Blog Touring 101: Around the Blogosphere in 80 Days

The Daring Book for Girls book coverThe bestselling book The Daring Book for Girls, by Andrea Buchanan and Miriam Peskowitz was published by HarperCollins October 30, 2007.  As part of the book launch publicity, the authors conducted a blog tour in October and November.  Some of the sites they visited included:  MothersTalk, Neatorama, Dr. Helen, DaddyDaze and HipMama.  This is another example demonstrating that many authors and some publishers are waking up to the use of blog tours as another publicity tool to help spread the buzz about pre-release or newly released titles. 

But this is still relatively new marketing territory.  Since I’ve been advising authors lately on the in’s and out’s of blog tours, I thought it might be useful to provide a short course in planning and executing a blog tour to kick off the new year. 

A blog tour is pretty simple in concept.  You find blogs whose readers might be interested in your title and you schedule virtual visits there.  The blog tour process can be divided into four steps:

  • Planning your tour
  • Finding and contacting blog owners
  • Conducting and tracking your tour
  • Publicizing your tour

Planning Your Tour

The first order of business is to decide how to target the audience for your book in the blogosphere.  You’ll want to determine all the keywords that characterize your audience and the topics or story of your title.  Then plug those keywords into various blog search engines to get a candidate list of blog sites for your tour.  You can also use lists of high traffic blogs such as those found on or specialty sites such as BlogFlux

Planning a blog tourAs part of the planning stage, you’ll also want to create a blog tour request e-mail.  This is something you’ll send to the blog owner to request either an interview, a book review, or in some cases, a live chat.  Be sure to include the benefits their readers could gain from learning more about your book.  As part of the preparation, you’ll want to have an author bio, book cover image, any testimonials and a pointer to the author’s blog or book website.  Be sure to have several excerpts ready to provide blog owners for posting.  (Note that some publishers will put limits on how much of your book they want to have excerpted prior to release.)  Blog owners who are conducting book reviews may want several chapters or an advance copy of the book.  If the book has been listed prior to release on sites like Amazon, provide links, as well as any other ordering information you think appropriate. 

In the case of e-mail interviews, you may want to have a list of potential questions ready for blog owners.  They are usually pressed for time and may appreciate the help. 

Finding & Contacting Blog Owners 

Once you have a list of candidate blogs, you’ll want to screen them for traffic and / or authority.  Authority, as used by Technorati,  is the number of blogs linking in during the last 6 months.)  Traffic statistics can sometimes be difficult to come by, so authority, which you can find on is a good proxy- the higher the authority, the better.  and generally, the higher the authority, the higher the traffic.  For popular topics, I would stick with blogs that have authority levels or 100 or higher.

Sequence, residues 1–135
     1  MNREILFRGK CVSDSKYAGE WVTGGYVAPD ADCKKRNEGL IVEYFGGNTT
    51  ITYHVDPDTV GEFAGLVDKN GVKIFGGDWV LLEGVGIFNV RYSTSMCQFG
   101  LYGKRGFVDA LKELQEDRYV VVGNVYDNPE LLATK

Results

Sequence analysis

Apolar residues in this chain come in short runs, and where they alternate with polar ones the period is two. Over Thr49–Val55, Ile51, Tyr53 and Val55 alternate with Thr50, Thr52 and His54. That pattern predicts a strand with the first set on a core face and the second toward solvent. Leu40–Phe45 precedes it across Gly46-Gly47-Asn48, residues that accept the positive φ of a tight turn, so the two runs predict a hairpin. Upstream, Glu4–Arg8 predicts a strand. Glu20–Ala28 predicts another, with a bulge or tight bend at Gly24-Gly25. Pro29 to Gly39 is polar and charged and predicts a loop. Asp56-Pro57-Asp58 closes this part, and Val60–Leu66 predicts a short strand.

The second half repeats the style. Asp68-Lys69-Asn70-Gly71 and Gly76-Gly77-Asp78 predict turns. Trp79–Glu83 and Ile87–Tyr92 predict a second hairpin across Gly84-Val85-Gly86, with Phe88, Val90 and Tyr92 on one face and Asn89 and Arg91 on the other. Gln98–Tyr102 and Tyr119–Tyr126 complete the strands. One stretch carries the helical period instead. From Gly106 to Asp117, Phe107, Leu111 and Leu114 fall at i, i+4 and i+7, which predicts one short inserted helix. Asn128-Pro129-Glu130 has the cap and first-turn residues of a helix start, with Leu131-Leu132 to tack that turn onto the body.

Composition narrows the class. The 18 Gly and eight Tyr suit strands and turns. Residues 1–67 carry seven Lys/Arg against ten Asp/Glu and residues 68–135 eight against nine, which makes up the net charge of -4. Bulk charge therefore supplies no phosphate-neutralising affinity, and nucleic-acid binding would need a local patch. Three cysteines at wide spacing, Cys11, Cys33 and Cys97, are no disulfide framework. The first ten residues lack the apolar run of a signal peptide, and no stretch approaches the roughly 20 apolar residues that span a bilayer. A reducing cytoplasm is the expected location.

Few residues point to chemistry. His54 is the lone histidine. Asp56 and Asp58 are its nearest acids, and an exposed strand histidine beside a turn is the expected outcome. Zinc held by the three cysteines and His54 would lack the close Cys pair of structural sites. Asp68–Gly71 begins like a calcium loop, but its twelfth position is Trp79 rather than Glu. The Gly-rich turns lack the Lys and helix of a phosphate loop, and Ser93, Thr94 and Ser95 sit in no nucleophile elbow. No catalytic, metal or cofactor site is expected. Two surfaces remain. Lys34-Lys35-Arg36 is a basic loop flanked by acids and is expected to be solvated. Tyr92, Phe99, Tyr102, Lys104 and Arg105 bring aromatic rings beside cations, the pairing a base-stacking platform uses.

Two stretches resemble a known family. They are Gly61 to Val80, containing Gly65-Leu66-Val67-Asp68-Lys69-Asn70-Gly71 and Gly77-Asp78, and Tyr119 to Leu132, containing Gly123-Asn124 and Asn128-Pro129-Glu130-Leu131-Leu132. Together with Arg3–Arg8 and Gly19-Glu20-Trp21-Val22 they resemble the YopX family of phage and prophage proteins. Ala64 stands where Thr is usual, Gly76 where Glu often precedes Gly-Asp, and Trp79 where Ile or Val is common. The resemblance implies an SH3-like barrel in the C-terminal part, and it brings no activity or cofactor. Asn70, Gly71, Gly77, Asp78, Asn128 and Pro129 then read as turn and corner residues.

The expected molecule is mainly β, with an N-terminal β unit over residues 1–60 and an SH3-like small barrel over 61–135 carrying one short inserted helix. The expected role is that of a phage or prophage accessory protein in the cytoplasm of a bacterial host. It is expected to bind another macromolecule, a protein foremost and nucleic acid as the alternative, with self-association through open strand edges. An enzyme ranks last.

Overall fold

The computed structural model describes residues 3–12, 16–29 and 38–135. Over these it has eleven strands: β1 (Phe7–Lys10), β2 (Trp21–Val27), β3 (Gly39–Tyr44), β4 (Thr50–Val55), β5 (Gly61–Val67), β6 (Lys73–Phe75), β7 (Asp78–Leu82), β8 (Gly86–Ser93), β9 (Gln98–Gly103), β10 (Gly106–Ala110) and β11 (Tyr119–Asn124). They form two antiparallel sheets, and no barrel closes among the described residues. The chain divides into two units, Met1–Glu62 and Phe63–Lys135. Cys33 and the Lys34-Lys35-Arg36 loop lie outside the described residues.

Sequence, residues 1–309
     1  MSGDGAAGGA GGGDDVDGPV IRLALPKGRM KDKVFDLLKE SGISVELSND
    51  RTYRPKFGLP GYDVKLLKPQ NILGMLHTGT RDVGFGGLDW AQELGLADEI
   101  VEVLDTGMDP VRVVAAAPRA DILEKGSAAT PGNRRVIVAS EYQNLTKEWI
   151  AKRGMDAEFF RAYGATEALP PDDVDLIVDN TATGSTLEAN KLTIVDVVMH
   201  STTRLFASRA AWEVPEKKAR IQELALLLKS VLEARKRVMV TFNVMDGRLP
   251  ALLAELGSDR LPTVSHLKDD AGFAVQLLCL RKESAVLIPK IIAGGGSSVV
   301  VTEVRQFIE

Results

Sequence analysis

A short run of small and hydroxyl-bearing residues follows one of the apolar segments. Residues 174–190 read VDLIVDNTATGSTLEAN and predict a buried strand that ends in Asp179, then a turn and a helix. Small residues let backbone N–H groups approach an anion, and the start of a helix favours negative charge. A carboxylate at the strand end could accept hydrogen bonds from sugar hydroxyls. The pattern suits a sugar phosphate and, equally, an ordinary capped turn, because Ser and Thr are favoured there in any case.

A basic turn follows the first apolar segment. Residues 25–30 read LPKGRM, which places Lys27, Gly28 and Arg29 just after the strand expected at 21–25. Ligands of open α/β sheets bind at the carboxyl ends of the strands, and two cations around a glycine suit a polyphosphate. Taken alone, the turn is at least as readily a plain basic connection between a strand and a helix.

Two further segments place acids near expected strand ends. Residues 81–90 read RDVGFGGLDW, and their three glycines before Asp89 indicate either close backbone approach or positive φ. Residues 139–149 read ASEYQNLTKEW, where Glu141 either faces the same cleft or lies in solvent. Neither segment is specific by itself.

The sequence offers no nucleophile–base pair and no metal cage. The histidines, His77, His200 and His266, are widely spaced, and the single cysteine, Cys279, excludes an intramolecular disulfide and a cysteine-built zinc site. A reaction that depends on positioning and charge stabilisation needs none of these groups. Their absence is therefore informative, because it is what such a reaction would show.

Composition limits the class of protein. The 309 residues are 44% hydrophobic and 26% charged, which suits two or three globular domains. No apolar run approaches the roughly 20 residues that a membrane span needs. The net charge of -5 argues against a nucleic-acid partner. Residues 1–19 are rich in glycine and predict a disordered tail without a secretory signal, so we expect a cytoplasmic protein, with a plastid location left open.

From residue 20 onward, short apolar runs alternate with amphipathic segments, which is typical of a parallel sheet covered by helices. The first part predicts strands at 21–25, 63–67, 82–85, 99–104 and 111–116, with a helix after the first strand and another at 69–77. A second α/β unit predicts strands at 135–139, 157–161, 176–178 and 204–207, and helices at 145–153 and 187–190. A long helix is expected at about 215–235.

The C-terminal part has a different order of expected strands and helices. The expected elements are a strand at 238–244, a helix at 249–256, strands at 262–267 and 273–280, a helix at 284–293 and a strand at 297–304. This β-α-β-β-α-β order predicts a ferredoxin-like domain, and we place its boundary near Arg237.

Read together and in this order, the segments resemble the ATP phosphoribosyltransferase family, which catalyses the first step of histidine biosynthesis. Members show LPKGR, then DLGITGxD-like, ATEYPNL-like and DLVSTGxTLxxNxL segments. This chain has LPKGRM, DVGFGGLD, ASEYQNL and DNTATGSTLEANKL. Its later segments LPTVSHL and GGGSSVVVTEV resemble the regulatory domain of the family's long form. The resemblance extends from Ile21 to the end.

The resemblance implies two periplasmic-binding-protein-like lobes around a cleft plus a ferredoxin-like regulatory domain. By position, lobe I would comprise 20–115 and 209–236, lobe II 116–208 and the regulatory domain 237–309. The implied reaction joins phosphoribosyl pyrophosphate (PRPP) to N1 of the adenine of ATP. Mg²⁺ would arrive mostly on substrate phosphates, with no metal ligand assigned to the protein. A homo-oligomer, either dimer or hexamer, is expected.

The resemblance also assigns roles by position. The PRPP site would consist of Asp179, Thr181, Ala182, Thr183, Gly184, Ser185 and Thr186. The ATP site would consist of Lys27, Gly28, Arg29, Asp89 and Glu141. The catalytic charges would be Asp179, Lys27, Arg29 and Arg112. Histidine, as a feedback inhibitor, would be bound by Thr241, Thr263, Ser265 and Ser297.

Create a spreadsheet where each row contains the blog name, URL, blog owner name and e-mail address for each blog you are going to contact.   Also include fields for status, schedule date and any special notes you want to make.  Now you’re ready to send your request e-mail.  Be sure to respond quickly when a blog owner answers your request.  And don’t get discouraged if it takes awhile for some blog owners to respond.  Many blog owners use Google Gmail accounts or blog contact forms; they often don’t check these every day.

Scheduling & Tracking Your Tour 

Whenever possible, try to schedule your blog tour so that it straddles the release of your book and ties in with your other marketing efforts, e.g. a multi-city book tour or reviews in print publications.  This way it will provide the maximum amount of buzz as your title comes to market.  Of course, the schedule is driven to some extent by the blog owners, but let them know what dates you are shooting for.  Be sure to record the scheduled posting dates in your tracking spreadsheet.  This will let you see how concentrated or spread out your blog publicity efforts are becoming.

Publicizing Your Tour 

Finally, be sure to publicize your blog tour via press releases or by posting them on your blog or book website.  This will make others aware of where your book will be featured. 

blog tour road signsRemember, there is nothing magic about a blog tour.  It takes a lot of time and effort.  Be prepared to spend several hours per blog site that accepts your blog tour request.  But the buzz that you can create is worth the effort.  The great thing about an interview or review that appears on a blog is that it remains findable via search engines long after the title has gone to market.   For more detailed information about setting up blog tours, check out Steve Weber’s article in the PMA Independent.

So to all you courageous authors out there who want to leverage the viral powers of the Internet, good luck and happy touring!

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